Some evidence-based preventive services are known to lower the number of victims of abuse. “Child visitation services are known to have the most likely effect in preventing casualties and has shown to lower the number of incidences in child abuse” (The Children’s Agenda, 2017). I honestly believe that this campaign will improve the outcome of the number of children that become victims of abuse. Parenting programs can offer better parenting skills and create stronger family relationships. The use of prevention strategies is effective at creating policies, practices, and societal norms like establishing a safe, stable, nurturing connection within the environment (CDC, 2018). Using social media like Facebook and Twitter, passing out flyers and pamphlets, and using mass media will help get the information out about my campaign. Adults of all ages and parents with young kids use social media, so this is my primary source based on how often social media is being looked at on a daily basis. Flyers and pamphlets can be handed out at the local health department and sent home with children from school for their parents to read. If I were to use the newspaper as my communication tool, I would have to create seminars or workshops to disseminate the information in my campaign. It would be impossible to input all my data into a newspaper ad. This method of communication tool could also be painful and cause barriers when trying to reach my targeted audiences.
Legal and ethical standards and policies are essential when it comes to child maltreatment research. Ethical issues that come up is having informed consent, privacy and confidentiality, and debriefing of sensitive information. These ethical issues shouldn’t limit the ability to move forward with this campaign. We aren’t providing specific information on individuals and displaying it to the public. When it comes to someone reporting suspected abuse they should always remember they can remain anonymous and it’s important for school officials, health department workers, and the Department of Children’s Services workers to maintain confidentiality in cases of suspected abuse.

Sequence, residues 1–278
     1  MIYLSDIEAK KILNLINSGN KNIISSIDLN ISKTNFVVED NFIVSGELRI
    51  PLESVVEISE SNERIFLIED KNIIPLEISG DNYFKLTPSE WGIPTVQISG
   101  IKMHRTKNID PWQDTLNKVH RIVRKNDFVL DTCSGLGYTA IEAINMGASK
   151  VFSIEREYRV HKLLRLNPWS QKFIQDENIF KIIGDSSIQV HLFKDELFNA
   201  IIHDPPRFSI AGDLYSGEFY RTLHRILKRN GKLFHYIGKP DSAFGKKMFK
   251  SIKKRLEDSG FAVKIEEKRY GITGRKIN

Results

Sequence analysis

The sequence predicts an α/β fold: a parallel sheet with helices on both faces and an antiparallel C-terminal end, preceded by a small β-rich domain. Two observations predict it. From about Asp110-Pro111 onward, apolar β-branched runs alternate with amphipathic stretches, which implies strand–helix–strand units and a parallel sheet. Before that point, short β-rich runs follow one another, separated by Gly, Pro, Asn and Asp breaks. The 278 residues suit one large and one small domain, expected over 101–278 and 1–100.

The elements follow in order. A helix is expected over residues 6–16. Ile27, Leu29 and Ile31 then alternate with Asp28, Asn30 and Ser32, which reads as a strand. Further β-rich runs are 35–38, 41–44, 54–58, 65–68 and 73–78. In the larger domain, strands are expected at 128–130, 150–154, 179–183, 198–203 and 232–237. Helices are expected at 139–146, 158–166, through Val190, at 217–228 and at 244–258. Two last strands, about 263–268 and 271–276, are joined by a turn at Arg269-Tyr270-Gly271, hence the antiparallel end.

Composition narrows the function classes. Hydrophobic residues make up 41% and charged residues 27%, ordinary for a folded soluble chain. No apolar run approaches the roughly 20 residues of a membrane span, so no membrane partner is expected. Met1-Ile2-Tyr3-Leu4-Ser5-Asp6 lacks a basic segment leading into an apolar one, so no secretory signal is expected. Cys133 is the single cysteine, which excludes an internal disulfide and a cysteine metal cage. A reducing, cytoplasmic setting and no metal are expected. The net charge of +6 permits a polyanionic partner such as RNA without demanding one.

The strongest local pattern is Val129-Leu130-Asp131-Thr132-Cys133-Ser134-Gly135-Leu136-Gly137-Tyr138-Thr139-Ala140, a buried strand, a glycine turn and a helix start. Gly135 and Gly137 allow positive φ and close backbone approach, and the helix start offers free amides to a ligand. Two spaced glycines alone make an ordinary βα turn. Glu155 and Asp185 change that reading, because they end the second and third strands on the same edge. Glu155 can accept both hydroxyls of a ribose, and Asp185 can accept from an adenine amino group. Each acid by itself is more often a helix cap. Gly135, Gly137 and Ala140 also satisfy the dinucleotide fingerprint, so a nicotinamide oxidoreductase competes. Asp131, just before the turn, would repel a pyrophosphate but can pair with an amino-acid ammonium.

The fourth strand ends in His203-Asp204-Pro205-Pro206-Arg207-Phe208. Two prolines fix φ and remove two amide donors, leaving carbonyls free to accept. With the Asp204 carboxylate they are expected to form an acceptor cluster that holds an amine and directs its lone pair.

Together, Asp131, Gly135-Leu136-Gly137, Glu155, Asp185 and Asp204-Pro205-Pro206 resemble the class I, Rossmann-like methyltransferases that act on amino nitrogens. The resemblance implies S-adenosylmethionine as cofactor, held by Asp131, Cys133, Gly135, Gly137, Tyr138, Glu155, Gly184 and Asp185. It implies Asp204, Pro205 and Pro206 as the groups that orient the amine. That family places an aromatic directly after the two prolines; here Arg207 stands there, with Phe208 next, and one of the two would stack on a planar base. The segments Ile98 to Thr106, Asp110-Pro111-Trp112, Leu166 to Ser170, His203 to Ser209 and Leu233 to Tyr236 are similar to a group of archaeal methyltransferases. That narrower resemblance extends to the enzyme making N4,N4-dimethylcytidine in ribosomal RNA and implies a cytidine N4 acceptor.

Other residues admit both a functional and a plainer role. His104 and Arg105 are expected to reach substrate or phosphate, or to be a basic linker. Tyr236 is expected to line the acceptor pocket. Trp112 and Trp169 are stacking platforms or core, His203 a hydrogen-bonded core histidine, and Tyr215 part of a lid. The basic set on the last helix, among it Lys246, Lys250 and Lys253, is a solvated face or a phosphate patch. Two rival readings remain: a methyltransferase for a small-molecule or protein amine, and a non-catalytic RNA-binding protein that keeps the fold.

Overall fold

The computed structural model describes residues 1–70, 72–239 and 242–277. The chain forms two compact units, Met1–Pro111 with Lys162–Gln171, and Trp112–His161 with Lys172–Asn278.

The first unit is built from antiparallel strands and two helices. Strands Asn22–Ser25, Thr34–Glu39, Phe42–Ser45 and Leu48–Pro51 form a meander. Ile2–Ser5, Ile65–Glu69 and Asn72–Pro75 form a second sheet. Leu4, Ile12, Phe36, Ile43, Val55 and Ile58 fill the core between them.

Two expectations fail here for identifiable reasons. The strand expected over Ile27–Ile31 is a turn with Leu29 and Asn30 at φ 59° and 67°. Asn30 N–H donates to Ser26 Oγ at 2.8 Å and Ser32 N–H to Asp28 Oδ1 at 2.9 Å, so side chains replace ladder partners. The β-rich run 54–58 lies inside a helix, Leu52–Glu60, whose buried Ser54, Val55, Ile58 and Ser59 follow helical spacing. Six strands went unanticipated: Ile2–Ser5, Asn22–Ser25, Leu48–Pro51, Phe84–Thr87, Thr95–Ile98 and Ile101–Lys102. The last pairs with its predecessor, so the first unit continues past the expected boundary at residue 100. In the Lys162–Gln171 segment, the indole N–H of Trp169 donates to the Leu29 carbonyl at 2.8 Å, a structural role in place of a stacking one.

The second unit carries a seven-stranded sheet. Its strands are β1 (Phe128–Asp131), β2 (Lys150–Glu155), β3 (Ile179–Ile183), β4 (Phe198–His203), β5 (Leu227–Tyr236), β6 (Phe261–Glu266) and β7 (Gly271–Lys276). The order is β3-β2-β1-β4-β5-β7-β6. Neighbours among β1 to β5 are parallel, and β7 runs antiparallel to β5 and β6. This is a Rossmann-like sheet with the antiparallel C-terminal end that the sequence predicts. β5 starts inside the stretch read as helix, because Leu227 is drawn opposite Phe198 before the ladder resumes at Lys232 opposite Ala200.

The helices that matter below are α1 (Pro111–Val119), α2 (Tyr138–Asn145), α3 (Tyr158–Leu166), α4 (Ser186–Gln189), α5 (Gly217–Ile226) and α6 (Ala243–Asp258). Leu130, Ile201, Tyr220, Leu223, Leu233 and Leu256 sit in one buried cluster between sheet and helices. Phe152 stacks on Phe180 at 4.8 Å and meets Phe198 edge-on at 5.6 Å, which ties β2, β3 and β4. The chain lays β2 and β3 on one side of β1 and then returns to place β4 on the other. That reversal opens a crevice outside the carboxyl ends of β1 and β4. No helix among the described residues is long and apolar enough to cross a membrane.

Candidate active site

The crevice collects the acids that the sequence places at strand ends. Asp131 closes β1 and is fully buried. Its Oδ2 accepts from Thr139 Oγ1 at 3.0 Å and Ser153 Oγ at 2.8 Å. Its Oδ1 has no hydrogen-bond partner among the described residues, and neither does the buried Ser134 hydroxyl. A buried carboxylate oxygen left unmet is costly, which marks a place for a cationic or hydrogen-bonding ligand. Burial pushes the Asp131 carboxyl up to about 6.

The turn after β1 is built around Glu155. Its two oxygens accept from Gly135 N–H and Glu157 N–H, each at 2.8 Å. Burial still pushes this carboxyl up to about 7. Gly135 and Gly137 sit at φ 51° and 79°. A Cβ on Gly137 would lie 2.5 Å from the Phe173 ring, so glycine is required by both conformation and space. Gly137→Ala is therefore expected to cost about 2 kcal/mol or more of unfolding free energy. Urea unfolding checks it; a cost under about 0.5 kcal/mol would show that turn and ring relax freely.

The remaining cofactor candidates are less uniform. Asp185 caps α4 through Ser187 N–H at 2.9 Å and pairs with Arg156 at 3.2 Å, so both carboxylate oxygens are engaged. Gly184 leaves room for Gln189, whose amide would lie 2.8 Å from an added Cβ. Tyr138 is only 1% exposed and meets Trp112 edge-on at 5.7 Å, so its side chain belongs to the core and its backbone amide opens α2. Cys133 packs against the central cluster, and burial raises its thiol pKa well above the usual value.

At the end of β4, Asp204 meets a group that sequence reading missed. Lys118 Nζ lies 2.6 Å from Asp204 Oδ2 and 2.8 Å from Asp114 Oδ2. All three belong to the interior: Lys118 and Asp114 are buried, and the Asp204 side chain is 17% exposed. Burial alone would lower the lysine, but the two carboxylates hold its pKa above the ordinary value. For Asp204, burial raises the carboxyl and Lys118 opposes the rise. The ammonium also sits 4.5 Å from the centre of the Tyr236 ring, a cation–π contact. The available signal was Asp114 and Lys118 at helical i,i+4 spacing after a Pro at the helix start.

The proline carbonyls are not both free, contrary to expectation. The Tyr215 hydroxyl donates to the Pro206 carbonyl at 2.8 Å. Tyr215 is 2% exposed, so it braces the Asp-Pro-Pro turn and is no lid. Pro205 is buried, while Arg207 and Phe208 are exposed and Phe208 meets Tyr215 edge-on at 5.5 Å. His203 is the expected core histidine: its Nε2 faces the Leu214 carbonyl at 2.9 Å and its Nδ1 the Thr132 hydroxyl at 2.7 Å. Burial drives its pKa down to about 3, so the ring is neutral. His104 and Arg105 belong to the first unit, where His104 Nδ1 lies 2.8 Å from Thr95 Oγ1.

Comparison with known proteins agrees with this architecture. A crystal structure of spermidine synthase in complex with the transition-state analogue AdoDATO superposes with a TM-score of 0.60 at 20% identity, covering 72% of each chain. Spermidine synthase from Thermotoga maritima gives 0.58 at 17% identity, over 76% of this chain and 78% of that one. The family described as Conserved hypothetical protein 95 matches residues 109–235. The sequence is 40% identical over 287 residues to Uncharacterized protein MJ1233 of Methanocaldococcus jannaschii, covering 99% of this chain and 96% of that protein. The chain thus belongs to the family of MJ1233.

- American Academy of Pediatrics (AAP). (2018). Child Abuse and Neglect. Retrieved from https://www.healthychildren.org/English/safety-prevention/at-home/Pages/What-to-Know-about-Child-Abuse.aspx
- Antai, D., Braithwaite, P., Clerk, G. (2016). Social determinants of child abuse: evidence of factors associated with maternal abuse from the Egypt demographic and health survey. Retrieved from https://www.ncbi.nlm.nih.gov/pmc/articles/PMC4729331/
- CDC. (2013). Centers for Disease Control and Prevention. Retrieved https://www.cdc.gov/maso/pdf/cdcmiss.pdf
- CDC. (2018). Child Abuse and Neglect: Prevention Strategies. Retrieved from https://www.cdc.gov/violenceprevention/childabuseandneglect/prevention.html
- Centers for Disease Control and Prevention (CDC). (2018). Child Abuse Prevention. Retrieved from https://www.cdc.gov/features/healthychildren/index.html
- Cort, N. A., Cerulli, C., & He, H. (2010). Investigating Health Disparities and Disproportionality in Child Maltreatment Reporting: 2002-2006. Journal of Public Health Management and Practice: JPHMP, 16(4), 329–336. https://www.ncbi.nlm.nih.gov/pmc/articles/PMC2914097/
- Crosson-Tower, C. (2003). The Role of Educators in Preventing and Responding to Child Abuse and Neglect. Retrieved from https://www.childwelfare.gov/pubpdfs/educator.pdf
- Merrick, M.T. and Latzman, N.E. (2014). Child Maltreatment: A Public Health Overview and Prevention Considerations. Retrieved from http://ojin.nursingworld.org/MainMenuCategories/ANAMarketplace/ANAPeriodicals/OJIN/TableofContents/Vol-19-2014/No1-Jan-2014/Child-Maltreatment.html
- Nurse-Family Partnership (NFP). (2018). Public Policy and Advocacy. Retrieved from http://www.nursefamilypartnership.org/public-policy
- The Children’s Agenda. (2017). Evidence-Based Strategies to Prevent Child Abuse and Neglect. Retrieved from http://rochesterteachers.org/wp-content/uploads/2017/11/Policy-brief-on-evidence-based-child-abuse-neglect-prevention-FINAL-Nov-17.pdf